# Consequences of Einstein's Theory of Special Relativity

Suppose that Einstein is right: the speed of light is measured to be the same by observers in all inertial frames. What does that mean? Well, consider a few simple situations.

Blue Man stands in a room. He decides to measure the height of his room by bouncing a light beam off the ceiling, and measuring the time it takes to return.

The height of the room is L, and the light beam travels at c, so the time it takes for the beam to go there and back is

```                    2*L
t(blue)  =  -----
c
```

So far, so good.

Now, consider another observer: Red Man. Blue Man is in a frame which zooms past Red Man at a constant velocity v. As Red Man watches the Blue Man and his room go by, he also measures the distance travelled by the light beam.

What distance does the light beam travel, according to Red Man?

Viewgraph 1

Now, if Red Man and Galileo were standing together and watching the beam, Galileo would say,

Behold! The room moves past us sideways at speed v, carrying the light with it. So the light beam travels faster than usual: it has a vertical component of 300,000,000 m/s, plus a horizontal component of v, and thus a total speed of
```     speed of light beam     =   sqrt ( 300,000,000*300,000,000 + v*v )
```
The time it takes to reach the ceiling of the room and bounce back is, naturally, the same
```                                 2 * L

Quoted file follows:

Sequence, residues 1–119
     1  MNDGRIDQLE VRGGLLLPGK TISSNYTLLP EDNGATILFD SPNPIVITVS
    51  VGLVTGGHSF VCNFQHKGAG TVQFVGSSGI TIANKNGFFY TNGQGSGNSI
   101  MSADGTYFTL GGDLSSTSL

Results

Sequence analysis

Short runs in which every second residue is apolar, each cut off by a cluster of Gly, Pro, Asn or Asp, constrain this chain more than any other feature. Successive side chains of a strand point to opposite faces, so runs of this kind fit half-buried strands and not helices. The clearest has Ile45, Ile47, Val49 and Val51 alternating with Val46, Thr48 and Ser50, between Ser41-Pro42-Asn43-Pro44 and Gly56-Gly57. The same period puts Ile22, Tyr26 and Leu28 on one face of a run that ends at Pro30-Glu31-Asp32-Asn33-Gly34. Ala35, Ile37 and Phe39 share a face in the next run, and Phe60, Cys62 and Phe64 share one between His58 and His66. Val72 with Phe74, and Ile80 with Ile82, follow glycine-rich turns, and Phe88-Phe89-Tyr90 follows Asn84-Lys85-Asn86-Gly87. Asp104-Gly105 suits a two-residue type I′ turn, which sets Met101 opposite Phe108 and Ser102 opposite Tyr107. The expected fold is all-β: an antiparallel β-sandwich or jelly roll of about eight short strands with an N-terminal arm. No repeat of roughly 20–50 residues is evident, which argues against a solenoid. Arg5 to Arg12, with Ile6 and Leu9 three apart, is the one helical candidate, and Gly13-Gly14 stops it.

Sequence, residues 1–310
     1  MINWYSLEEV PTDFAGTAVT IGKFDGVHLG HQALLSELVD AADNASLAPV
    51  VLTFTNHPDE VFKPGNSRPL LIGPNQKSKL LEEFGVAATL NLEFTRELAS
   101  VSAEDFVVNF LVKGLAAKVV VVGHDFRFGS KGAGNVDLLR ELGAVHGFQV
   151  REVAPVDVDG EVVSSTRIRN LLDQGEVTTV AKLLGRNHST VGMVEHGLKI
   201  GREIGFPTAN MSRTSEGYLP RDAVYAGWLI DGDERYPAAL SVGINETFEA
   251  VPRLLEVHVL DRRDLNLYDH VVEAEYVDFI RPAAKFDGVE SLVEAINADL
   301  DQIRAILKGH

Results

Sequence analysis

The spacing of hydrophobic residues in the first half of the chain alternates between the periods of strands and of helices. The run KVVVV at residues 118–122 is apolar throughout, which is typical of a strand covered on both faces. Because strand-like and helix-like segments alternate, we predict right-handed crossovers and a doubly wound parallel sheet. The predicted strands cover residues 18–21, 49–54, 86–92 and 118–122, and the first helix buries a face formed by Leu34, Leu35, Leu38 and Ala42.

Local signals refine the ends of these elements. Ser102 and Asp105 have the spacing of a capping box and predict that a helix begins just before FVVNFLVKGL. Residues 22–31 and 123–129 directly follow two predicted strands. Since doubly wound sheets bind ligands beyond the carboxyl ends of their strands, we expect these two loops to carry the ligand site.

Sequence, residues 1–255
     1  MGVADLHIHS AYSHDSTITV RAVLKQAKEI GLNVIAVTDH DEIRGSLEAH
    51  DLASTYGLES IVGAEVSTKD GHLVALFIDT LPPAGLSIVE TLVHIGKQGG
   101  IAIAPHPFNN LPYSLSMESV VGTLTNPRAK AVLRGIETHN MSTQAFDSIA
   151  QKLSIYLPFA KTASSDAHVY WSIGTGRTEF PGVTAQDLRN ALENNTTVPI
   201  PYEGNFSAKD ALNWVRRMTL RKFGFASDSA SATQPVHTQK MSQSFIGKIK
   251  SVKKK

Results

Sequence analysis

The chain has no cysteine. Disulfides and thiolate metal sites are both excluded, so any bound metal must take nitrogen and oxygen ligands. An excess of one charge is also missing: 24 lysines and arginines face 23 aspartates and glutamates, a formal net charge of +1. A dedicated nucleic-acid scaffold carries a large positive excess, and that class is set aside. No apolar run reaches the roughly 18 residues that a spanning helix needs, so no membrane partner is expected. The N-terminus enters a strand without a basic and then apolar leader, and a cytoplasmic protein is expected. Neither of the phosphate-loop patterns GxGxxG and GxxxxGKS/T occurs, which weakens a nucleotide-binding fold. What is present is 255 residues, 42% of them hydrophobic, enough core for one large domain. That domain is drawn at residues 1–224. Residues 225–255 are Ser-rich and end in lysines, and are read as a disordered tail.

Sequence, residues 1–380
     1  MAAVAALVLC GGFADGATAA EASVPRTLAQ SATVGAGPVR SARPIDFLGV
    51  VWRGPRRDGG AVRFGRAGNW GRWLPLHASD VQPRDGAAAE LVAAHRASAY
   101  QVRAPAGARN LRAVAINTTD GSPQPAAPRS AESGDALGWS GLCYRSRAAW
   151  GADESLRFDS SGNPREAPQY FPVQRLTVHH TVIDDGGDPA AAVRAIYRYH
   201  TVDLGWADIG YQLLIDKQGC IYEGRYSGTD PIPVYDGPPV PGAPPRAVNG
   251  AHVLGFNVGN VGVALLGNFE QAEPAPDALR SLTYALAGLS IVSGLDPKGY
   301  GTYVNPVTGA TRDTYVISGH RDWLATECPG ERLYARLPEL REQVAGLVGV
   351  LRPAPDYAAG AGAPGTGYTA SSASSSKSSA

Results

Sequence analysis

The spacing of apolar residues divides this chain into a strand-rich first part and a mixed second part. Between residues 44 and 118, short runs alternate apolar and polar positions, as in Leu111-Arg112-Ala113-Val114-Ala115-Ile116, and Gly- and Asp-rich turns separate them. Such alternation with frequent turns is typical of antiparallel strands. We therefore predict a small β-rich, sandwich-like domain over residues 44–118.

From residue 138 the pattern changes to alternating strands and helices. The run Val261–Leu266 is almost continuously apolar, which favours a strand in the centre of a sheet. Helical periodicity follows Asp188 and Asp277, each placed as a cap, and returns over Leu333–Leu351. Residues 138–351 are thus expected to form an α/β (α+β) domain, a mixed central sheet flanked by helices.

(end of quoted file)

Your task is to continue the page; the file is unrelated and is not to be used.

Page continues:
time to go and return   =  -------
c
```
that Mr. Blue Man measured.

But if Einstein were present, he would disagree:

Actually, the light beam travels at exactly the same speed,
```     speed of light beam     =   300,000,000  m/s
```
from both our point of view, as we watch the room fly past us, or from Mr. Blue Man's point of view, inside the room. It is the time taken to make the trip which changes, not the speed of light.

So, according to Einstein, how long does the light beam take to make its trip, as seen from the ground with Red Man?

Viewgraph 2

Viewgraph 3

Viewgraph 4

Viewgraph 5

#### Tests of Time Dilation

Viewgraph 6

```
Assume that planes fly at about 500 mph = 250 m/s
relative to the ground.

Q1:   How long does it take a plane to fly around
the world?

Q2:   According to the stationary observer floating
above the North Pole,

what is the gamma factor for Joe?

what is the gamma factor for red plane?

what is the gamma factor for blue plane?

Q3:   What is the difference between Joe's watch
and the red plane's clock when they meet?

Q4:   What is the difference between Joe's watch
and the blue plane's clock when they meet?

```

Calculating the gamma factor for ordinary speeds v much less than the speed of light can be tricky; some calculators can't handle numbers which are very, very close to 1. Read this example of calculating gamma for a few tips.